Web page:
Why is IIoT Changing The Industrial Landscape?
The proliferation of smart devices has given rise to new business opportunities, as well as work automation and new challenges in understanding the possibilities of these new technologies.
According to data from Oxford Economics, the IIoT can impact industries representing 62% of GDP in G20 countries (manufacturing, energy or food).
The adoption of IIoT can revolutionize the way industries operate, but what is it? What are the challenges it faces? What are its applications? We analyze them all below.
What is the Industrial Internet of Things (IIoT)?
The Industrial Internet of Things (IIoT) is defined as the set of sensors, instruments, and intelligent devices used to improve industrial and manufacturing processes.
This network enables data collection, analysis, and production optimization, increasing efficiency and reducing costs. It uses the power of smart machines and real-time analytics to leverage the data that traditional machines have produced in industrial environments over the past few years.
The philosophy driving the IIoT is that smart machines are better than humans at capturing and analyzing data in real-time, as well as communicating important information that can be used to make business decisions faster and more accurately.
Sensors enable companies to detect inefficiencies and problems earlier, saving time and money, while supporting business intelligence efforts.
The main components of IIoT are:
- Intelligent sensors
- Wireless Gateway Network
- Data analysis through Edge Computing and Fog Computing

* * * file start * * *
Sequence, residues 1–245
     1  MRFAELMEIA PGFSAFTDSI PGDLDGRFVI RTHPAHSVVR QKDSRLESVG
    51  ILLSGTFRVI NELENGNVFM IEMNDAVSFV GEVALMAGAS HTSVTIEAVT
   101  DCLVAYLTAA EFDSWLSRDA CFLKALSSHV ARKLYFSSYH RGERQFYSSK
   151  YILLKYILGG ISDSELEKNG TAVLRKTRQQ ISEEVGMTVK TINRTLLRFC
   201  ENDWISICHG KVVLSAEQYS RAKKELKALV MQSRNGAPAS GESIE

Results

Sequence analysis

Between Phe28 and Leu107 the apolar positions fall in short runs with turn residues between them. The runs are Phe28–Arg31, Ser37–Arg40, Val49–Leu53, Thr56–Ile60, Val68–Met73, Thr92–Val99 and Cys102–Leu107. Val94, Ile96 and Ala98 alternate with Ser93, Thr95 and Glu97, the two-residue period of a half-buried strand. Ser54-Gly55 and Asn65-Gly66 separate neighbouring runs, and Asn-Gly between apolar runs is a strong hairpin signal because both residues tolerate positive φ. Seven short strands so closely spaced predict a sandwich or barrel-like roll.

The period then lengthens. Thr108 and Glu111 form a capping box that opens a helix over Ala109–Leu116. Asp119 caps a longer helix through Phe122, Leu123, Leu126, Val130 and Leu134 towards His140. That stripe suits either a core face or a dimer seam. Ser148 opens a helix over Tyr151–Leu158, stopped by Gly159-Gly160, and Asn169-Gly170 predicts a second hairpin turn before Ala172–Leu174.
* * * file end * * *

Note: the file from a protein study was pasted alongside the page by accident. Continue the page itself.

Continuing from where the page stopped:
- MQTT applications, COAP, etc.
Benefits of IIoT
The financial implications of IIoT within Industry 4.0 are constantly changing. The industry may still be resisting, but IIoT, like other technologies, is laying the scalable and solid foundation to bring this change to existing manufacturing plants.
Some of its key benefits are:
- Facilitates predictive maintenance: Organizations can use real-time data generated by IIoT systems to predict when a machine will need to be serviced. This improves the production line, where machine failure could lead to work stoppage and higher costs.
- More efficient field service: IIoT technology helps technicians identify potential problems with customers’ equipment before they become major issues, as well as providing them with information about the parts they need to make a repair.
- Better facility management: Equipment is subject to wear and tear, but sensors can monitor vibration, temperature, and other factors that accelerate wear and tear.
- Improved customer satisfaction: The manufacturer can capture and analyze data on customer behavior with products, allowing them to build more customer-centric product roadmaps.
- Asset tracking: Suppliers, manufacturers, and customers can use asset management systems to track the location, status, and condition of products throughout the supply chain. The system sends alerts if goods are damaged or at risk, allowing potential problems to be anticipated.
- Drives the product innovation process: By increasing efficiency and productivity, it creates new business opportunities, as well as reinforces worker safety.
IIoT vs. IoT
Current IIoT applications are more widespread in sectors such as manufacturing, transportation or energy, and current investment is expected to double by 2025.